For dialects that do not satisfy criteria we might establish for adding a
separate language code, we need to consider a mechanism for extension.
This came up in regard to the Norwegian codes (although not dialects I
realize, but I felt that a similar solution was needed). In March I
circulated the proposal below. Some reacted that we had already approved
the Norwegian codes and couldn't change them and that this was a major
change to the standard. I do not think that this can wait until the
standard is up for review in 3 years, since we will certainly have to deal
with dialects in the meanwhile.
I propose that we consider this mechanism, and if we can agree upon it,
that we pursue establishing an amendment to the standard. This would
involve balloting the change with the member bodies.
The examples below are for Norwegian, but you could substitute any dialect
of another language (e.g. Valencian as a dialect of Catalan):
cat-val (ISO 639-2)
ca-val (ISO 639-1)
---------- Forwarded message ----------
Date: Thu, 2 Mar 2000 16:23:28 -0500 (EST)
From: Rebecca S. Guenther <[log in to unmask]>
To: [log in to unmask]
Subject: IMPORTANT PROPOSAL
To ISO 639/JAC:
We had a meeting here at the Library of Congress of catalogers who are
applying the language codes, and the difficulty of applying the three
Norwegian codes was made clear. It was felt that at least in the U.S.
and probably most places outside of Norway those applying the codes may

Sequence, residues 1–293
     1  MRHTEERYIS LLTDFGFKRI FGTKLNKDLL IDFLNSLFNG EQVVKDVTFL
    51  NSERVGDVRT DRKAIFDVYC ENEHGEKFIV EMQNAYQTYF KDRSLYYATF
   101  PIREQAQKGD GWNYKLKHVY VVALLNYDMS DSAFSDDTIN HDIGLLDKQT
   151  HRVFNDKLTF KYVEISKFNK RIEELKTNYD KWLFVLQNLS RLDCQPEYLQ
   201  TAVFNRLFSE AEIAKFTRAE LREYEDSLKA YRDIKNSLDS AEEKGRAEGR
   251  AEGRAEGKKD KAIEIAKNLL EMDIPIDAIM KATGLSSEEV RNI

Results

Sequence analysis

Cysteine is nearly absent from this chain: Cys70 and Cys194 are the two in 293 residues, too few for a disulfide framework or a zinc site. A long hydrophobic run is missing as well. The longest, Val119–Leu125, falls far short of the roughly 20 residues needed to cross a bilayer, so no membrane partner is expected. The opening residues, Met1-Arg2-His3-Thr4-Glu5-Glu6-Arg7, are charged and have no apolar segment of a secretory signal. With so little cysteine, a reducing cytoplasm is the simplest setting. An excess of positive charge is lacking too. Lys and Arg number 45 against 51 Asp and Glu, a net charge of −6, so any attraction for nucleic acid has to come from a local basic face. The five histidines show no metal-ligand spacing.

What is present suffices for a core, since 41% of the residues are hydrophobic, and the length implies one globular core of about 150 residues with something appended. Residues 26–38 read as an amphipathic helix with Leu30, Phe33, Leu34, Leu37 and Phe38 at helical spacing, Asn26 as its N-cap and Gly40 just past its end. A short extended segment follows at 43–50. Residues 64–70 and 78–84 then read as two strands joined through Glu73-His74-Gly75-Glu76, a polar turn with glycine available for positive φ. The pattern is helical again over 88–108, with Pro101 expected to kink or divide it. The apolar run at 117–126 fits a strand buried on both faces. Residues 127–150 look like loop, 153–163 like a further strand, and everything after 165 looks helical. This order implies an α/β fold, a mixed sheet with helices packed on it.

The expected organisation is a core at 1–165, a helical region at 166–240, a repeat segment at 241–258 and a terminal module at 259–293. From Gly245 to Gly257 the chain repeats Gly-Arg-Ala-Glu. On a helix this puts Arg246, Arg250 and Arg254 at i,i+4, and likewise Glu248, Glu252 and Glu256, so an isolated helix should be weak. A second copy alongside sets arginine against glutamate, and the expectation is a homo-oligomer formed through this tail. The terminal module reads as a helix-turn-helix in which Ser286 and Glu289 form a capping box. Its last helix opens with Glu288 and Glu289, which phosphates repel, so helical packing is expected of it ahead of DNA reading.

not have the expertise to be able to determine and it may not be
desirable for searching and retrieval purposes to make such fine
distinctions. There is also the problem that there exists two forms of the
language, one based on Danish and one on Old Norse (this taken from
Havard's ISO/DIS 639-l Annex C), while there are now 3 codes. As Havard
stated at our meeting, this is a national rather than international need,
although all of these codes are needed in Norway.
This is a case that is bound to come up time and time again in this
standard, when local needs conflict with international needs. Those of us
maintaining large bibliographic databases and producing large numbers of
records may not be able to or want to make the fine distinctions that
might be made in the countries where the language is spoken.
Therefore I would like to propose the following solution. The new codes
that were approved (nno and nob) would be appended onto the more general
code for Norwegian. Thus, a hierarchical type of coding would be used:
nor-nno Norwegian Nynorsk
nor-nob Norwegian Bokmaal
For the alpha-2 list we would do the same, although I would argue that
only the alpha-3 code would be needed as an extension:
no-nno Norwegian Nynorsk
no-nob Norwegian Bokmaal
An alternative could be using the alpha-2 code as the second part:
We could consider applying this mechanism in the future where needed for
these types of situations, but we would NOT go back and look at the codes
we have as to whether others are similar.
This solution would be consistent with the ISO 3166 subentity codes, where
the code for a subentity is attached to a country code to be more
specific. It would also be consistent with the direction in the current
proposed revision to RFC1766, where it is stated that a subtag may be used
in conjunction with a language code (example is: no-nynorsk, no-bokmaal).
The only difference is that a code would be used for the subtag, rather
than a language name.
I would like to open up discussion on this proposal during the next
several days. Please consider it and comment between now and next Tuesday,
7 March. Then I will send out a voting form and we will vote on it.
Although we have previously voted on these codes, I don't see this
possible change as a complete reversal of that decision, but a
reformulating of how the codes are presented.
I look forward to your comments.